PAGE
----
red wine splash

Red wine appears elegant in a fluted crystal goblet, yet it's considerably less attractive on your walls. When some unsteady hand splashes a vintage burgundy onto your wall, get past your "Yikes!" moment and commence a cleanup immediately. By acting quickly, you can remove the red wine from the wall before it becomes a lasting stain, using readily available household cleaning materials.

Grab some dry paper towels and start blotting immediately after the spill to keep the wine from spreading down the length of the wall. Dab, don't rub; rubbing pushes the wine deeper into the wall's surface while also causing the stain to spread. Follow up by dabbing the affected area with a clean, damp rag to draw the wine out from the wall. In many cases, these simple steps may completely remove all of the spilled wine from the wall.

If the wine remains visible after blotting, bleach the red away using a mix of clear dish soap and household hydrogen peroxide. Apply the soapy compound to the stained area using a clean dish towel. The mixture is thick enough to adhere to the wall, so leave it in place for a few minutes before wiping it away. Then gently rinse the peroxide mix from the wall with a wet paper towel, and dab the area dry if the red color is gone.

When stronger solutions become necessary, try bleaching the red stain away with a sodium percarbonate cleaner -- also known as an oxy-bleach, and sold under a variety of brand names that include O_xy._ Unlike a chlorine bleach, an oxy-bleach can eliminate the wine stain without affecting the color of the surface beneath. Soak a clean cloth in room-temperature oxy-bleach and press it against the stained area for five minutes. If the stain is gone when you pull the cloth away, gently rinse the area with a wet cloth, then pat it dry. If the stain has only partially faded, press the cloth against the wall for another five minutes before rinsing and drying the surface.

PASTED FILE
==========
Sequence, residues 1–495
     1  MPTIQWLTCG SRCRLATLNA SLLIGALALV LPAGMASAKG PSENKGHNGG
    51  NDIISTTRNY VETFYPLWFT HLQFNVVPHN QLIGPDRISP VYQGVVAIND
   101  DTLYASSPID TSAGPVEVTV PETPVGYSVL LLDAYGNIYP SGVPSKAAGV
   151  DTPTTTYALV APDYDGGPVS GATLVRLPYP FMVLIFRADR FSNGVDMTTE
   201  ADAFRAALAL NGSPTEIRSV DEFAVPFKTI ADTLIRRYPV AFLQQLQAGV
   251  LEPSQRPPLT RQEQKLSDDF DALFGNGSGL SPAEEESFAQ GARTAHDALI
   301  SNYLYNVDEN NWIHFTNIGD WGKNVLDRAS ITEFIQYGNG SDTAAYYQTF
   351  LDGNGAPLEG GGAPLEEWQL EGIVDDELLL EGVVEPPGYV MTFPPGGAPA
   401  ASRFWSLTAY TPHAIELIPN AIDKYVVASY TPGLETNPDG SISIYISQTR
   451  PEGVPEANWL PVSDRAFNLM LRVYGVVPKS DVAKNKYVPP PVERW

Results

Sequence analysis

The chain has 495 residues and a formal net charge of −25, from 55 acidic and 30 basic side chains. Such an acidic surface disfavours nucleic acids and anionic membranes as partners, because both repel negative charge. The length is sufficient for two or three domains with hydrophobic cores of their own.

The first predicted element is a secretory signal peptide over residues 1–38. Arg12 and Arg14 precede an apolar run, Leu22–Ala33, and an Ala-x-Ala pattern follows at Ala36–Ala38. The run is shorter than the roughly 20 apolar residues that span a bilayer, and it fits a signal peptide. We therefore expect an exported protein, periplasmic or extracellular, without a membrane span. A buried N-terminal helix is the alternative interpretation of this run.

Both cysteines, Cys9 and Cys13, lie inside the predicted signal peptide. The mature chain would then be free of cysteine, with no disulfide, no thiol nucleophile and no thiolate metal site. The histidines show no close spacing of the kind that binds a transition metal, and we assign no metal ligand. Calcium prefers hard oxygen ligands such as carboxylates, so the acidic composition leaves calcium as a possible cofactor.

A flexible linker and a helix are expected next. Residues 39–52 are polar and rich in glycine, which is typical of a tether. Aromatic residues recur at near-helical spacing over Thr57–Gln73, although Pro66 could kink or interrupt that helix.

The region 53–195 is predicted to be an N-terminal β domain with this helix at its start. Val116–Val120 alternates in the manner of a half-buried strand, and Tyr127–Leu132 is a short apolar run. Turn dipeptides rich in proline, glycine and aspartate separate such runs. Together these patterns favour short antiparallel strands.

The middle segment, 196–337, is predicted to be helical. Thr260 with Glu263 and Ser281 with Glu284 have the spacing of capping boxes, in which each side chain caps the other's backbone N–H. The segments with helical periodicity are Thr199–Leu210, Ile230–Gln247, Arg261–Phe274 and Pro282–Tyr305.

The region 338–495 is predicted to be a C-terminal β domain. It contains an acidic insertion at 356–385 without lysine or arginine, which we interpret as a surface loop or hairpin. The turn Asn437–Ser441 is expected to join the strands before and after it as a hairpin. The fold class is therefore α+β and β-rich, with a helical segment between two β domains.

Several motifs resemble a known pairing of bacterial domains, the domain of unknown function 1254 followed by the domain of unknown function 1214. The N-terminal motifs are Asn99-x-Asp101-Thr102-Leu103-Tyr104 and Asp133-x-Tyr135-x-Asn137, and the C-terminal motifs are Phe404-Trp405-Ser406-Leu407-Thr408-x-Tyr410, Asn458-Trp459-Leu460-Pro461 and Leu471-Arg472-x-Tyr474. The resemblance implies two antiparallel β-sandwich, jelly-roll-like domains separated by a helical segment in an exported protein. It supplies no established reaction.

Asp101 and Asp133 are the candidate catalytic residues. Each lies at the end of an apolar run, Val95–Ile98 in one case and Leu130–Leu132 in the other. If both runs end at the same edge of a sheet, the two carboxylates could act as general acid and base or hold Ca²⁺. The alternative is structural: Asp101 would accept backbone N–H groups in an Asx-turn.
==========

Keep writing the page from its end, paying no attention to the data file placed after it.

If you don't have an oxy-bleach on hand, try a liquid laundry detergent or a laundry pretreatment spray.

Wine shops supply a wide mix of wine accessories, including sommelier supplies such as corkscrews, crystal goblets and specially formulated wine stain cleansers. These inexpensive, spray-on treatments may be the most targeted method for restoring wine-stained walls to their original appearance. Wine stain removers are designed to work on fresh or dry stains in 20 minutes or less, although repeated applications may be necessary on set-in stains.

If none of the stain-removing techniques proves sufficient, you may need to apply a stain-blocking primer over the affected area and then recoat the surface using the original paint. The next time you repaint the complete wall, select a high-grade eggshell, satin or glossy acrylic latex paint -- these coatings are tough enough to protect the wall beneath from wine and other fluids, which means that the simpler wine-removal techniques are usually adequate.


A modern latex paint's color is impervious to the wine, and it does not fade when treated with household cleaning solution.